• Race/ethnicity/national origin: Several studies have documented the overrepresentation of Black and American Indian or Alaska Natives in pedestrian-motorist crashes as well as immigrants and areas with low-incomes (Anderson et al., 2010; CDC, 2013; Chakravarthy et al., 2012; Chen et al., 2012; Schneider, 2020; Zaccaro, 2019). These disparities by race, aggregated at the national level, remain when controlling for population as measured by the Census and for pedestrian activity as measured by walking trips or distances by the NHTS (Schneider, 2020; Zaccaro, 2019). Some studies attribute the inequities to how pedestrian facilities are distributed within communities (Kravetz & Noland, 2012). Other studies have found that areas with lower income and minority populations have higher transit use and walking rates (or exposure) that may partially explain elevated crash figures (Cottrill & Thakuriah, 2010). In trying to understand higher pedestrian crash rates for recent immigrants in New York City, researchers postulated that social-behavioral mechanisms and differing “safety cultures” play a role in pedestrian crashes. These characteristics, depending on from where someone has emigrated, may result in more acceptance for jaywalking or lower likelihood of yielding to pedestrians (Chen et al., 2012).

At the national level, walking trends and other travel trends are most commonly estimated using the NHTS, conducted by the FHWA. During the 2016-2017 survey period, an estimated 39 billion walking trips were made for all purposes (work or work-related commute, shopping and errands, school and church, social and recreational, and other trips), representing approximately 10.5% of trips by all transportation modes reported. When looking at all modes of transportation, walking accounted for about 4% of all trips to work. Of all walking trips, commuting to work makes up only a small percentage (6.5%) of walking trips (McGuckin & Fucci, 2018). The largest proportion of walking trips were made for recreational and social reasons (47.5%) followed by shopping and personal errands (29.5%). Buehler et al. (2020) provides a more thorough discussion of walking (and bicycling) trends observed during the most recent survey (2017) and in comparison, to the 2001 survey period.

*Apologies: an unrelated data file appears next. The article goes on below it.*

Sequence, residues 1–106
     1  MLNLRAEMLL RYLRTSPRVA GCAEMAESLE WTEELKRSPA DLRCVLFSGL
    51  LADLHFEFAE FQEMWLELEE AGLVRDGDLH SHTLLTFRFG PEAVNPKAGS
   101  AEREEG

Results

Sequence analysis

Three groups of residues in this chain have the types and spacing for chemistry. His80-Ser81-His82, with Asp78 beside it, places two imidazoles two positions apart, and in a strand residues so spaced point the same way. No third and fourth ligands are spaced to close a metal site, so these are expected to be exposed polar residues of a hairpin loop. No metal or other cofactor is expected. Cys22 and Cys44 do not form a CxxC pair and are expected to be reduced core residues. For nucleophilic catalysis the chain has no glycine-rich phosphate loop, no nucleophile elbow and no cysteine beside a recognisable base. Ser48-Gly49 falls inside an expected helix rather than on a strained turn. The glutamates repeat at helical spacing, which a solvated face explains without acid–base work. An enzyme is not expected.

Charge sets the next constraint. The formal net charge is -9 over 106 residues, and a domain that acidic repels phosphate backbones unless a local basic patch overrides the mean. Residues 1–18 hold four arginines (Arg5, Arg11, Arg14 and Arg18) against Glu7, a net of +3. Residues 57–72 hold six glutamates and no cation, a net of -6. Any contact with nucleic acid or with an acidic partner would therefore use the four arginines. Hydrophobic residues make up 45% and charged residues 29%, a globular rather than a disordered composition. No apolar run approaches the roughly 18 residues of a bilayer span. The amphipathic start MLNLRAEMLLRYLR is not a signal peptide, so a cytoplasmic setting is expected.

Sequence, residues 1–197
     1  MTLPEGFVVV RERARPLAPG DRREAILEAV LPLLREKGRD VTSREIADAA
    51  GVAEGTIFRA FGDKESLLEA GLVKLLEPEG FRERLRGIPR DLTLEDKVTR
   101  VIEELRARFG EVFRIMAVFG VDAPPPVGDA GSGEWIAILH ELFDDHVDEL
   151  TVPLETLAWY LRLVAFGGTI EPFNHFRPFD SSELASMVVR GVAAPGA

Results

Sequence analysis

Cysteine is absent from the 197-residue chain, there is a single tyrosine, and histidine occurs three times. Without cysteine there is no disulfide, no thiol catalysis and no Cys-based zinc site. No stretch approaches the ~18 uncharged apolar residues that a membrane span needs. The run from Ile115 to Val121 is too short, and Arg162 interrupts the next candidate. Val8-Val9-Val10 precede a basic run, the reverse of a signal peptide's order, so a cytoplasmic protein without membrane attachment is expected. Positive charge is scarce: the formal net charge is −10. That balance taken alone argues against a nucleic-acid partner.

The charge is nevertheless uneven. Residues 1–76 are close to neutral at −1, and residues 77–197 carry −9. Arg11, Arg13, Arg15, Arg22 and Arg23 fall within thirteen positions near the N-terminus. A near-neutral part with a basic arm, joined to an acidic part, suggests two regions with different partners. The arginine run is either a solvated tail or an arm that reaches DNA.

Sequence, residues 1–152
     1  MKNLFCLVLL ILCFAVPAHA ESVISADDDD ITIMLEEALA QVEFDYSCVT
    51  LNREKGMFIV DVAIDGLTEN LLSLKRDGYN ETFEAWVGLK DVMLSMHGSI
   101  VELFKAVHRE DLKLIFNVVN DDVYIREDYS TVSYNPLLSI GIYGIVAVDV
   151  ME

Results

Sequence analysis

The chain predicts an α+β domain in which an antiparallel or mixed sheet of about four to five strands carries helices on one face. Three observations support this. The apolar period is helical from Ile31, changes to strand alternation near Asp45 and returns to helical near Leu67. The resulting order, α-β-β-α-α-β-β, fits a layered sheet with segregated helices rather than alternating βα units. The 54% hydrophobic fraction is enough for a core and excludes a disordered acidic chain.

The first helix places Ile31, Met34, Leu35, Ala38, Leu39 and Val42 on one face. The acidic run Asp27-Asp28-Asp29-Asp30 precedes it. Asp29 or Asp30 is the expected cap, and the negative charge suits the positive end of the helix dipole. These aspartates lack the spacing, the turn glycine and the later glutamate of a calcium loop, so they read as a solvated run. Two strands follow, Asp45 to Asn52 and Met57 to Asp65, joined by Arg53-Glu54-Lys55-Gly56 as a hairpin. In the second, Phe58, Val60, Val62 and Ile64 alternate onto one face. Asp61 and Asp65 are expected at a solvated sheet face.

Walking volume (sometimes generally referred to as mode share or exposure) has a complex and non-linear relationship with crashes. Because of this relationship, relying on the absolute number of crashes does not necessarily indicate danger for pedestrians. Strategies focused on increasing mode share and improving safety are then often considered in tandem (e.g., Safe Routes to School programs). The idea behind increasing mode share comes out of the concept of “safety in numbers,” the decrease in risk of serious injury related to an increase in walking volume. A non-linear relationship between traffic volumes (motorist, pedestrian, or bicyclist) and crashes has been well-documented in a body of evidence that spans geographic levels (i.e., intersection, area, municipality, county) (AASHTO, 2010; Bhatia & Wier, 2011; Elvik & Bjørnskau, 2017; Elvik & Goel, 2019; Jacobsen et al., 2015). However, these findings are difficult to interpret because they do not show increased volumes as a clear cause of reduced risk (Bhatia & Wier, 2011; Schneider et al., 2017). Many studies also have not measured or accounted for other potential safety factors such as motorist speed, congestion, or law enforcement activity.

A recent meta-analysis of motorist-pedestrian or motorist-bicyclist injury crashes estimated that there is safety in numbers for both pedestrians and bicyclists (Elvik & Bjørnskau, 2017). By their estimate, if the number of pedestrians or bicyclists doubles (100% increase), the increase in crashes is expected to be 41%. These estimates indicate that while an increase in volume of pedestrians and bicycles leads to increases in crashes, crashes do not increase as much as volume increases. A subsequent expanded meta-analysis determined that the safety in numbers effect may be stronger for pedestrians than bicyclists, and at the macro level (cities) than the micro-level, such as an individual junction (Elvik & Goel, 2019). A literature review on safety in numbers found agreement throughout the research on the existence of a safety in numbers effect. However, the underlying causes of the effect were still not fully understood (Kehoe et al., 2022).